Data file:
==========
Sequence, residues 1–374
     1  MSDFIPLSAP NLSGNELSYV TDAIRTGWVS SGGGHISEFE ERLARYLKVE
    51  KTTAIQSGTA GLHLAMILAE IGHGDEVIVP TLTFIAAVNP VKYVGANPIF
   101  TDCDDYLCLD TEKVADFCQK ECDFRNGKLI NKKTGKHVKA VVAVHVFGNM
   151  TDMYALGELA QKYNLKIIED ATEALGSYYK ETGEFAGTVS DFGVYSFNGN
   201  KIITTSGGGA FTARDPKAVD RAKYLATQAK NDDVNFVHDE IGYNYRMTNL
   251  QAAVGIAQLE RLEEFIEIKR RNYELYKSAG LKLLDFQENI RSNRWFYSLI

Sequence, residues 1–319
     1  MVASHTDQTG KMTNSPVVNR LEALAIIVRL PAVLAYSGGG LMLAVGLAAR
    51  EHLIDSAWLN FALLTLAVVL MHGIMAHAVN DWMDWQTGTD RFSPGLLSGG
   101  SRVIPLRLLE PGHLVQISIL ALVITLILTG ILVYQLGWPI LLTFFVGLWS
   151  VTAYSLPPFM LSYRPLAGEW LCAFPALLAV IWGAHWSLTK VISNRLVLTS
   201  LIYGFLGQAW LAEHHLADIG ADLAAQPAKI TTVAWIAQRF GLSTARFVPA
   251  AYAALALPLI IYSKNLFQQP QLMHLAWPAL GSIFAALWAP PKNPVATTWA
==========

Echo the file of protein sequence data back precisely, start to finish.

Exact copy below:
Sequence, residues 1–374
     1  MSDFIPLSAP NLSGNELSYV TDAIRTGWVS SGGGHISEFE ERLARYLKVE
    51  KTTAIQSGTA GLHLAMILAE IGHGDEVIVP TLTFIAAVNP VKYVGANPIF
   101  TDCDDYLCLD TEKVADFCQK ECDFRNGKLI NKKTGKHVKA VVAVHVFGNM
   151  TDMYALGELA QKYNLKIIED ATEALGSYYK ETGEFAGTVS DFGVYSFNGN
   201  KIITTSGGGA FTARDPKAVD RAKYLATQAK NDDVNFVHDE IGYNYRMTNL
   251  QAAVGIAQLE RLEEFIEIKR RNYELYKSAG LKLLDFQENI RSNRWFYSLI

Sequence, residues 1–319
     1  MVASHTDQTG KMTNSPVVNR LEALAIIVRL PAVLAYSGGG LMLAVGLAAR
    51  EHLIDSAWLN FALLTLAVVL MHGIMAHAVN DWMDWQTGTD RFSPGLLSGG
   101  SRVIPLRLLE PGHLVQISIL ALVITLILTG ILVYQLGWPI LLTFFVGLWS
   151  VTAYSLPPFM LSYRPLAGEW LCAFPALLAV IWGAHWSLTK VISNRLVLTS
   201  LIYGFLGQAW LAEHHLADIG ADLAAQPAKI TTVAWIAQRF GLSTARFVPA
   251  AYAALALPLI IYSKNLFQQP QLMHLAWPAL GSIFAALWAP PKNPVATTWA